Company set-ups that minimise tax
TH writes: Our software business has created a good product and we are looking at how to exploit it. We are thinking of forming a new company owned by the current company so that it could attract equity investment or be sold off independently of the existing business. Is this a tax-efficient approach?
The right way to structure the new business will depend on its financing requirements, and on what you want to achieve when you sell it, writes Jon Sutcliffe, a partner at Kingston Smith LLP. Given that you are thinking about external investment, and of selling the business independently of your existing company, it will need to be held in a separate entity.
Investors may insist on having Enterprise Investment Scheme (EIS) tax status before they put in their money. In this case you will need a company that is not 50% owned or controlled by your existing company. This will also require intellectual property to be transferred to the new company at market value, and will allow you to own shares directly in the new company.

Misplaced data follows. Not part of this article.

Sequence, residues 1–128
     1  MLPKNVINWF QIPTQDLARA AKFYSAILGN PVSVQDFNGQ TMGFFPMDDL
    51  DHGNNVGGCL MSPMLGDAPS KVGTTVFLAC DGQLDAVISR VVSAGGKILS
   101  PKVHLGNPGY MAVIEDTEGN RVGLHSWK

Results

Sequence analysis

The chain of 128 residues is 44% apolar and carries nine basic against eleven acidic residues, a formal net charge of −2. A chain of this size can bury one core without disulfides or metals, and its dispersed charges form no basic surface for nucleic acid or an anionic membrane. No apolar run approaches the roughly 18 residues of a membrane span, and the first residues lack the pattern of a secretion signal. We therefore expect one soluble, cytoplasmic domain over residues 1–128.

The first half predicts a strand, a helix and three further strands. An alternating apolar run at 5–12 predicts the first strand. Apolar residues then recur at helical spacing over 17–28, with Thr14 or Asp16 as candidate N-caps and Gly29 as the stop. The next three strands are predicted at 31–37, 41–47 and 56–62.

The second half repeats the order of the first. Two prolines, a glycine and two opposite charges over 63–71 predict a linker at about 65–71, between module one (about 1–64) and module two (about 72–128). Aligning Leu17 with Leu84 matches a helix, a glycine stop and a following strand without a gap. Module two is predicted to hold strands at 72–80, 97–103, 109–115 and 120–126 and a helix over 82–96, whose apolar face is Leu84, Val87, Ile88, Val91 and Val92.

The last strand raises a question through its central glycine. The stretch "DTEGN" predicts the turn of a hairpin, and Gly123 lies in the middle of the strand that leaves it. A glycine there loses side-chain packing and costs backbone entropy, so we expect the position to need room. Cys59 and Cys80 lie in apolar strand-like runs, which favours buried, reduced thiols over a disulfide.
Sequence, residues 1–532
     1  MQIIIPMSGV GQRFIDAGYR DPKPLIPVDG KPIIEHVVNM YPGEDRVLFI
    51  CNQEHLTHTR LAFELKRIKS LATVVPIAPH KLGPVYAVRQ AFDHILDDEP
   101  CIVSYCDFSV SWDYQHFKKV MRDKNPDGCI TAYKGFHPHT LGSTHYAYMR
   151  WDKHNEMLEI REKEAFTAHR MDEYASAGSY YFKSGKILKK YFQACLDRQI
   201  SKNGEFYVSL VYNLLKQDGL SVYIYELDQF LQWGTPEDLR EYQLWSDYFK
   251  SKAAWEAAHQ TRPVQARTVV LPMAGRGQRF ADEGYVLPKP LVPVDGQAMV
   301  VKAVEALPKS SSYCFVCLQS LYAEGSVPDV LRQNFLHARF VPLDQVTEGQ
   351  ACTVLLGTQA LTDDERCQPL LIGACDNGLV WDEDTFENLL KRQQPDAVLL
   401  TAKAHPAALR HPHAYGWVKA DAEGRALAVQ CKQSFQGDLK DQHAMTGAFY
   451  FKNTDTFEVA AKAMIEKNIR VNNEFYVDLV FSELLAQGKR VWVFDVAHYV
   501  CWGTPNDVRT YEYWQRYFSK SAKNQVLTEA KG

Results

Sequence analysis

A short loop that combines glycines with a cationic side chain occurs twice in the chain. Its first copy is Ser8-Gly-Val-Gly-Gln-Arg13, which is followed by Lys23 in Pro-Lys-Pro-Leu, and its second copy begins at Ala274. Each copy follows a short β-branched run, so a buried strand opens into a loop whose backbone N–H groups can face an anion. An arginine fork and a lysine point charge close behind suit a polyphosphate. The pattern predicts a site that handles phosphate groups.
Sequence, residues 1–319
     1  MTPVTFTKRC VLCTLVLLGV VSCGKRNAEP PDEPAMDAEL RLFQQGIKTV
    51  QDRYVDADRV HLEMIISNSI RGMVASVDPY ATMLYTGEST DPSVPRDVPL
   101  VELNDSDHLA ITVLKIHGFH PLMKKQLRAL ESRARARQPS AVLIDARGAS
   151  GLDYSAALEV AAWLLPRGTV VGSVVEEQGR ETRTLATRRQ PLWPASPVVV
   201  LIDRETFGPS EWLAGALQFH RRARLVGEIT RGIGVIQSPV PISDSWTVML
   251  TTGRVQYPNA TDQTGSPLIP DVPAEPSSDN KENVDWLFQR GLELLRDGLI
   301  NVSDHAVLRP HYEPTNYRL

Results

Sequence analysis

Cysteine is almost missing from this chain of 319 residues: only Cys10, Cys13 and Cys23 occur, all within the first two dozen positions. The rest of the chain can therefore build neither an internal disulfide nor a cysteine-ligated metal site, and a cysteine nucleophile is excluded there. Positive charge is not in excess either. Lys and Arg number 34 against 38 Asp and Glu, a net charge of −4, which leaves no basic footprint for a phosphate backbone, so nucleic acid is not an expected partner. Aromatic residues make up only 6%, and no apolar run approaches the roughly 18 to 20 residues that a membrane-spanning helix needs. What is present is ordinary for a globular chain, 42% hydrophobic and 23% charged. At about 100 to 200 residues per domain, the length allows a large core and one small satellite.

Holding shares in the new company directly brings a big advantage when you come to sell because you will be selling shares and paying capital gains tax at 18% — or even 10% if entrepreneurs’ relief applies. If, on the other hand, the company were to distribute the proceeds to you, you would pay higher rate income tax.
If the investors don’t need EIS relief, and you do not wish to receive the sale proceeds personally, a subsidiary might be a better answer. This is often the case when you want to use the proceeds to fund expansion in your existing business. You may then be able to take advantage of Substantial Shareholders Exemption when the company is sold, rendering the gain exempt from corporation tax.